State and local stakeholders in the affordable housing and community development movements knew that local financing wouldn’t be enough to achieve their agendas, and that federal financing structures would be needed. But they worried that federal financing would come with too many strings attached; strings that wouldn’t necessarily work well in every community. So most adopted a shared, broader federal agenda that balanced the need for federal structures with the need to maintain local control over implementation.

One such example is the creation of the Community Development Block Grant Program (CDBG), an annual federal appropriation that provides unrestricted community development funds to state, city, and county governments. Advocates pushed for this federal funding structure to boost investment in communities experiencing population growth and increasing energy costs. They also pressed for state-and local-governments to deploy those investments in community development projects that would best contribute to the community’s strength.

What’s next….

If we want sustainable financing for population health, what can we learn from these observations? Where are we strong? And what do we need to improve? When it comes to financing, is there a “we” at all, such that 100 years from today, people could look back and point to how stakeholders got behind an agenda for financing population health that impacted millions of lives?

Penny for your thoughts…

 

Follow Katherine Wright and ReThink Health on Twitter: @kwrigh02  @ReThinkHealth  

 

 

 

The personal views and opinions expressed in this blog (and in any comments) are those of the original authors only, and do not reflect the opinions of The Rippel Foundation or ReThink Health. Neither The Rippel Foundation nor ReThink Health is responsible for the accuracy or validity of any of the information contained in the blog or any comments. All information is provided on an “as-is” basis.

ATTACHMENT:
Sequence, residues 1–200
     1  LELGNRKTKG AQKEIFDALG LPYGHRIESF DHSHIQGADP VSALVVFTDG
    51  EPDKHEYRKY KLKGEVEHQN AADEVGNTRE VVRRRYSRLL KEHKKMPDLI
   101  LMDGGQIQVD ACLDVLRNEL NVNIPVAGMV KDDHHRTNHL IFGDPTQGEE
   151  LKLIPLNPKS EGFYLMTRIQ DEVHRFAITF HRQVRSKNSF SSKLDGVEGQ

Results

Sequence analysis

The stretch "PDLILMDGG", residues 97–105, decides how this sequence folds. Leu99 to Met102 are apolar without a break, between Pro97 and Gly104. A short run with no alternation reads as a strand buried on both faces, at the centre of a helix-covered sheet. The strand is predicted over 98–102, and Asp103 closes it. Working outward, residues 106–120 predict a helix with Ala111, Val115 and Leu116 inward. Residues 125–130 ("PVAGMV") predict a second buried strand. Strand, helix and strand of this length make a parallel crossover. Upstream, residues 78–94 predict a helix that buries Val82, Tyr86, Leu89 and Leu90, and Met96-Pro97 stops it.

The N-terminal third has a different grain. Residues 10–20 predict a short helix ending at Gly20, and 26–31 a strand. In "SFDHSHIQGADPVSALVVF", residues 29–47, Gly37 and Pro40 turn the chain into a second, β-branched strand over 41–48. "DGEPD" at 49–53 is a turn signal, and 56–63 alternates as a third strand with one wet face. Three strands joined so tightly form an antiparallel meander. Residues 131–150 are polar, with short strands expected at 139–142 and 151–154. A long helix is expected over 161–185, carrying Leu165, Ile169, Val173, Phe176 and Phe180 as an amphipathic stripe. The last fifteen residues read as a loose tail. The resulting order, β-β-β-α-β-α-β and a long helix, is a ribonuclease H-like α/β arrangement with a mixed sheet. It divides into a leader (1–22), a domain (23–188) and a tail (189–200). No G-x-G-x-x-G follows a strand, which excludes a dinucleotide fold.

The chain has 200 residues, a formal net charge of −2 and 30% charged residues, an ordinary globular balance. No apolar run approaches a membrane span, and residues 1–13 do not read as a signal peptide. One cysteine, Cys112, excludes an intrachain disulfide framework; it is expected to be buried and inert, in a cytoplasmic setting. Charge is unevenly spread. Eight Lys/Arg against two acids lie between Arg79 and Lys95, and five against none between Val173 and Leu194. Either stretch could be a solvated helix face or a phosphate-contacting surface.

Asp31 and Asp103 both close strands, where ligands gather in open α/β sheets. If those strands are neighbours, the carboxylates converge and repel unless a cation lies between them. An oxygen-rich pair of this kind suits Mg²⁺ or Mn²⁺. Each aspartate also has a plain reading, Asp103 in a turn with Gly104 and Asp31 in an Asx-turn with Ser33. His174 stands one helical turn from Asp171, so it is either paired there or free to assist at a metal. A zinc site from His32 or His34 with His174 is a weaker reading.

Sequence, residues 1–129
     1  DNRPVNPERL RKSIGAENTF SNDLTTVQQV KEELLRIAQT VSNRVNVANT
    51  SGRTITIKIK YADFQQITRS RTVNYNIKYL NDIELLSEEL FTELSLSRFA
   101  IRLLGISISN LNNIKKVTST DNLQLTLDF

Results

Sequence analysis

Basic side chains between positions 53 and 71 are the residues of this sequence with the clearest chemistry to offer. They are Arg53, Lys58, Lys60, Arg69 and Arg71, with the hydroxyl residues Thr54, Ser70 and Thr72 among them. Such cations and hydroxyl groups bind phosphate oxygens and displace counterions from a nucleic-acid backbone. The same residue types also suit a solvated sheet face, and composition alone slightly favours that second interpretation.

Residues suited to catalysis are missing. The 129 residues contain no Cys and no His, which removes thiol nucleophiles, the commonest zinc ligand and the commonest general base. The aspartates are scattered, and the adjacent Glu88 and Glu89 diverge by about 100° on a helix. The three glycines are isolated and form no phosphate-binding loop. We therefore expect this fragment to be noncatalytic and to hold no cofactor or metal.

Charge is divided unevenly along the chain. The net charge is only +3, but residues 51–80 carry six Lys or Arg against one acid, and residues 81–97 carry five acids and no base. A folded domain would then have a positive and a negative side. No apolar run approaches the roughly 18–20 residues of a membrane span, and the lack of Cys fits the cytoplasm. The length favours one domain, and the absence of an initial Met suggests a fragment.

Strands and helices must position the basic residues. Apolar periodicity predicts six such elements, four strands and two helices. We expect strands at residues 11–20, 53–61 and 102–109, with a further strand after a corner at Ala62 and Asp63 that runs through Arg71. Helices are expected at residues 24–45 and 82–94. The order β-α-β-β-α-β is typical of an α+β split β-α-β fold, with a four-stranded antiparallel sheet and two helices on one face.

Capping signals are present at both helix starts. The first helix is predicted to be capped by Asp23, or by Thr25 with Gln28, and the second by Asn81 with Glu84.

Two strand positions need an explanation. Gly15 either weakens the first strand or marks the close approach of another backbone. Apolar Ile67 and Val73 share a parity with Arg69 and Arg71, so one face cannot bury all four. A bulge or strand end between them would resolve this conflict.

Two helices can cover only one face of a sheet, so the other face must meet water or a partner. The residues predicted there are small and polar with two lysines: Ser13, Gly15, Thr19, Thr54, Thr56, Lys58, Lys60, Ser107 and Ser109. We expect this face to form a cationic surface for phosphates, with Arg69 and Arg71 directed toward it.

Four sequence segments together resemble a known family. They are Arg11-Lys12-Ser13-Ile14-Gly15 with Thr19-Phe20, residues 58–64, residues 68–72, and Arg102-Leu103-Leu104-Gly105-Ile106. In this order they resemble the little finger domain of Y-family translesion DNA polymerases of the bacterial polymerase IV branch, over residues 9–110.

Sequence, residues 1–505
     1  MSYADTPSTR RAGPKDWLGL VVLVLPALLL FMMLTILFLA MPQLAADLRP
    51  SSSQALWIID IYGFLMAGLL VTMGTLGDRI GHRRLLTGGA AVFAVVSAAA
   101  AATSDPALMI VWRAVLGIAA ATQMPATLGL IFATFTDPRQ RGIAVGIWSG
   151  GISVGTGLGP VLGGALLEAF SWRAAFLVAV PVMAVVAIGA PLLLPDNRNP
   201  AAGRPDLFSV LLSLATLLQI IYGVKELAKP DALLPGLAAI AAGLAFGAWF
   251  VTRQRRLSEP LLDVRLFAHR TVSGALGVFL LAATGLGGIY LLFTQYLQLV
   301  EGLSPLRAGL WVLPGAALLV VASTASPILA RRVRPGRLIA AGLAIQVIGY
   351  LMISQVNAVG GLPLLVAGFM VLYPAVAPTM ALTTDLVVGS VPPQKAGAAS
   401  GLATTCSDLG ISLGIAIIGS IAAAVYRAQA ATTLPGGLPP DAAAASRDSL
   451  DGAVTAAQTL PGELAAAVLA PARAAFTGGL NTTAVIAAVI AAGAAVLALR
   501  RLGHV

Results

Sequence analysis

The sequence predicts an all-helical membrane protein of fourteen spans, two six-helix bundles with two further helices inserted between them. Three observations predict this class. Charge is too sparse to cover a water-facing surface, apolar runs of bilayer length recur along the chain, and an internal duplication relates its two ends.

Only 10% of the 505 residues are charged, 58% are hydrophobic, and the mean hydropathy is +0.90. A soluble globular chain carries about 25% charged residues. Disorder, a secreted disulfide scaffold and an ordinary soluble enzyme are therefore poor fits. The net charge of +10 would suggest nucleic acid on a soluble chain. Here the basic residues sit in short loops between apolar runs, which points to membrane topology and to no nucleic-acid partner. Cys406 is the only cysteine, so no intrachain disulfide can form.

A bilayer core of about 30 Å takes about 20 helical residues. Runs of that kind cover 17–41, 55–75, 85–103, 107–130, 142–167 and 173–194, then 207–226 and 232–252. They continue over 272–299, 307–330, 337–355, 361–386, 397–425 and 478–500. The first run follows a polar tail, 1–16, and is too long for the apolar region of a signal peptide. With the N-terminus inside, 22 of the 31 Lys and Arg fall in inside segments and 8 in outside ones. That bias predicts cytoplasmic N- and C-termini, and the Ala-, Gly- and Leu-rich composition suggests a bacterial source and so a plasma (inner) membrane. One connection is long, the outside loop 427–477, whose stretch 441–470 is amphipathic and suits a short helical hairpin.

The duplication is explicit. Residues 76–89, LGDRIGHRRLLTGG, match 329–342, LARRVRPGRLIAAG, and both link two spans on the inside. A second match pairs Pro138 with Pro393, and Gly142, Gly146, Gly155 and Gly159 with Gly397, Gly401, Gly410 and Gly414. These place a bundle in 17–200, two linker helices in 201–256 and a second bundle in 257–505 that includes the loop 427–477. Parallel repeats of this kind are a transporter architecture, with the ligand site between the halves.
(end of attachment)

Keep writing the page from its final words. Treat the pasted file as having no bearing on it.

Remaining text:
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  • Sherry

    One lesson is that these financing methods are great for special needs housing developers and grant writers in areas with well developed collaboration (CHAS -Comprehensive Housing Affordability Strategy ) but they often fail to prioritize the needs of the most needy and tend reward cities with better grant writers vs those with the highest needs. (NOTE:Early in my career I was a very successful special needs housing developer and grant writer for 5 years in Seattle and developed the first HUD 811 independent living project for people living with AIDS, the first “wet” housing for chronic alcoholics and a 5 year strategic plan for people living with chronic mental health problems)

    Cities like Seattle for example have gotten a disproportionate share of federal housing dollars over the past few decades but after 10 years of targeted work we now have some of the highest rates of public homelessness anywhere. http://kuow.org/post/after-10-year-plan-why-does-seattle-have-more-homeless-ever “We are facing our worst housing affordability crisis in decades.”

    Few and fewer apartments take section 8 vouchers http://www.seattletimes.com/seattle-news/northwest/section-8-tenants-flee-seattles-high-rents-compete-for-whats-left/ (which are given out by lottery not need) http://www.seattletimes.com/seattle-news/politics/sha-holding-lottery-for-section-8-wait-list-in-seattle/and housing built with grants is also often 2x as expensive as private sector housing per sq/ft and 10x as many apply as there are slots open (24,000 applied for 2,500).

    Given all that – block grants are still often better than “public housing” (although in Seattle they work in tandem) if you want to give out health services based on lottery and only meet 1/10th the need; want services to cost 2x as much with a bigger overhead cost (many many little non-profits all competing for the same limited resources), and money going to those areas with the highest concentration of grant writers it is a great model but it needs work.